Conversations….mmmm, I love having them. But the art of conversation is not celebrated enough in our culture. And it is becoming ever more critical online as we struggle with tools that don’t communicate facial expressions or even intonation. So what can we do to bring forth conversation and nurture it?
Of course there are some simple obvious answers: ask questions and express gratitude. Come from a state of curiosity.
But how about receiving with grace? We have valued being independent or autonomous so highly that many of us have lost touch with the ability to receive with grace. Allow other people to feel good about their contribution. Don’t quickly close the social reciprocity contract–you know that sense that you have to return the favor? Don’t take it to be a sign that you are a slacker or a mooch! What a negative framing that is…although it does point to people who are not being gracious about receiving (or our jealousy of those that do receive with ease).
Keep in mind that people don’t see the world for what it is, they see it for what they are. Most people think about themselves, especially in our competitive culture. If you allow people to see themselves positively, they will see you positively.
I had a lovely friend who spoke about those in his social network in the most flattering terms. He said how brilliant and creative they were. And it made me feel like I must be pretty brilliant or creative to be included in his world, since that was clearly what he filtered for. And I had the sense that when he talked about me to others, he was saying amazing things about me (ones I might not even be able to believe about myself). Oh, was he ever attractive to spend time with!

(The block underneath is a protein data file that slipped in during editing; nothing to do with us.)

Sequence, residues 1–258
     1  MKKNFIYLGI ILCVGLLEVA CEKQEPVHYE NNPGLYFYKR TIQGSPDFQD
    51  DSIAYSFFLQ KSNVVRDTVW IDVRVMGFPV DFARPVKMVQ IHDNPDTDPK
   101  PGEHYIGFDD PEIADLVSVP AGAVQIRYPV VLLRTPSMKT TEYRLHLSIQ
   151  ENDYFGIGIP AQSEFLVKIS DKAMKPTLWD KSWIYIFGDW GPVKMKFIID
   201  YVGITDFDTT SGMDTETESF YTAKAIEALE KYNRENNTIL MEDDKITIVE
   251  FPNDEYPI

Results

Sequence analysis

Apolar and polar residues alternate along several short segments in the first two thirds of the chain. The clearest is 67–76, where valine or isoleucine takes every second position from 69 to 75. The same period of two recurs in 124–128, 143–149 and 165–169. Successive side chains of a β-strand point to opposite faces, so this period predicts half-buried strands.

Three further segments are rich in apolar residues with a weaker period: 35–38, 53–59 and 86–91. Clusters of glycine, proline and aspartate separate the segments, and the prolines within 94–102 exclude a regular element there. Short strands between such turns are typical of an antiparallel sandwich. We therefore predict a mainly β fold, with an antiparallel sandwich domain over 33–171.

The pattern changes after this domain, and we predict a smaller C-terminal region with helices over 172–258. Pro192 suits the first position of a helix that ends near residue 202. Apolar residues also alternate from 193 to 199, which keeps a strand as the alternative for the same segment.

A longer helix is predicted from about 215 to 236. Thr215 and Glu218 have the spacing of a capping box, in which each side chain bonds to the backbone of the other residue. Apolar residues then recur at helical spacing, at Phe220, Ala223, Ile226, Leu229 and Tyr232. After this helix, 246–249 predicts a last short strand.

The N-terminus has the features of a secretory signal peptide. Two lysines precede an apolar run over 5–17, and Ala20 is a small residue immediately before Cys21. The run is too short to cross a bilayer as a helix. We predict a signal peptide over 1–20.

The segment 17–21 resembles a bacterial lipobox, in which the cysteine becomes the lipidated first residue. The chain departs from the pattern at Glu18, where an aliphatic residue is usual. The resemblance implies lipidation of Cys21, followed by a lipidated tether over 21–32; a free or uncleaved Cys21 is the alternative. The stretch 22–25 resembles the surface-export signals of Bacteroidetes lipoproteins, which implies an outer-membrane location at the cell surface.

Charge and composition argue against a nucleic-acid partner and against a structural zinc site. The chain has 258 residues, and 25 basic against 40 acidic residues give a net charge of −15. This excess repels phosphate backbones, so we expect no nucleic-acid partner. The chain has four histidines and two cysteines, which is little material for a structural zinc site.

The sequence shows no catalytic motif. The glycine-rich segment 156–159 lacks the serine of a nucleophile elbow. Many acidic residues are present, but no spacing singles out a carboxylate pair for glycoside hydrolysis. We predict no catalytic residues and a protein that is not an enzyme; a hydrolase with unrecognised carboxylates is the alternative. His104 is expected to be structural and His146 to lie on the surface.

What can you celebrate in others? Especially when they have given you something. Instead of returning the favor, do them a different sort of favor by saying very specifically what you see them having done for you (or for others), how that works for your needs and values, and how thankful you are for it. This is NOT a display of your weakness, in fact it shows your confidence and strength.
Allow it to create a flow in conversation toward common connection–shared celebration of shared values, other instances of gratitude or other things to be grateful for. Be patient in listening and clearly ask for more. I mean clearly as in “can you tell me more about that?” Or “What I hear you saying is ‘insert summary or key points‘ and I would love to know more about how you came to that/where you want to do with that.”
Receive with grace and enjoy your conversations flourishing–online and off.